A Day of Learning and Doing on Tap at RIT Saturday

RIT students, alumni team to present a wiki-style event about everything

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There is no schedule set for BarCamp Rochester 2010, a wiki-style event that takes place Saturday. Instead, presenters will select time slots and write down their presentation titles on a giant sheet of plastic on the morning of the event.

The iconic sitcom Seinfeld is often known as a show about nothing. This Saturday at Rochester Institute of Technology, people can attend an event about...well, everything.

A team of students and alumni are set to unveil BarCamp Rochester 2010, an attendee-driven, wiki-style event that allows anyone to present just about anything. Topics in the past have included demonstrations of lock picking, making an HDTV antenna, robotics and even relationship advice for “geeks.”

“Everyone is invited and anyone can come and talk,” says Dan Schneiderman, a third-year information technology major and the lead host of the event. “We have session slots, but until the actual event, nothing is figured out.”

When the conference, which organizers have dubbed an “unconference,” kicks off at 10 a.m. in the B. Thomas Golisano College and Computing and Information Sciences atrium, a giant white piece of plastic will be plastered against a wall. Participants will sign up for various slots, listing the title of their presentation. Attendees can then map out their schedule for the day, which concludes at 10 p.m.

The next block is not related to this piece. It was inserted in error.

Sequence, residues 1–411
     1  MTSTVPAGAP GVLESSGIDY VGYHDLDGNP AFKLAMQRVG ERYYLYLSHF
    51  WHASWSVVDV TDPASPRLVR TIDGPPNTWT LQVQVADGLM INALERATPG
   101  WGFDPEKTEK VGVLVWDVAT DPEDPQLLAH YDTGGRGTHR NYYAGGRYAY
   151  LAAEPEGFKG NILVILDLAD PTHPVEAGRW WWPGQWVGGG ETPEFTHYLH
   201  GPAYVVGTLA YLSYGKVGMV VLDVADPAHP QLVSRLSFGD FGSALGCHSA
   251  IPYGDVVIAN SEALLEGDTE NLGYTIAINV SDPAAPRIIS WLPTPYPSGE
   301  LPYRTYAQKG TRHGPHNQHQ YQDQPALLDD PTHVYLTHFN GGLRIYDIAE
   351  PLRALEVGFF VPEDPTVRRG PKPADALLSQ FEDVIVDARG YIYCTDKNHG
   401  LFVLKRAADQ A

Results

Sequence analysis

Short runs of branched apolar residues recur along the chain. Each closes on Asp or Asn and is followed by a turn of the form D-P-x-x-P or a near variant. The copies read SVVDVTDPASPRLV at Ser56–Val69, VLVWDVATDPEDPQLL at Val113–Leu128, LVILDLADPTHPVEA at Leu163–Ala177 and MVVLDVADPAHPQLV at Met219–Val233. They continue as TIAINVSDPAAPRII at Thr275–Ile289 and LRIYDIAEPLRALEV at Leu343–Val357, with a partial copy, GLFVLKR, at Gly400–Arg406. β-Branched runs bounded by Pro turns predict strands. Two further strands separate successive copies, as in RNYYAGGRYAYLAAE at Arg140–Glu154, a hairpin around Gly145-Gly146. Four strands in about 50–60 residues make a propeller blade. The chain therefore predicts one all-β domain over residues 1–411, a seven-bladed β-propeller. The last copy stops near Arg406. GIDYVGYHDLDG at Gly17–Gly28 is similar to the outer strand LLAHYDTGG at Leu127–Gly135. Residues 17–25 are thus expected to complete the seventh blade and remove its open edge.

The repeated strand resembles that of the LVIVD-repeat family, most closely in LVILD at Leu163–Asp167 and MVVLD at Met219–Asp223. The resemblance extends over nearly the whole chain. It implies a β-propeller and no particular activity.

Six 30-minute sessions take place simultaneously in classrooms throughout the Golisano College. A lack of a schedule doesn’t bother Schneiderman, who has organized two other BarCamps. In fact, he noted, he knows that many presenters won’t even work on their presentation until the night before the event. But when the event kicks off, approximately 120 people are somehow ready to go.

“There is definitely a strong group of tech-oriented presentations, but we’ve had a lot of different presenters,” says Schneiderman. “We’ve had people from different photography majors and we’ve even had someone talk about the history of cotton candy.”

BarCamps are not unique to RIT. Schneiderman says similar events are hosted in countries around the world. The name is derived from the term “foobar,” which was used in early versions of computer programs and documents.

Registration begins at 9 a.m. but pre-registration is encouraged at www.barcamproc.org. A free lunch and T-shirt will be provided for those who pre-register.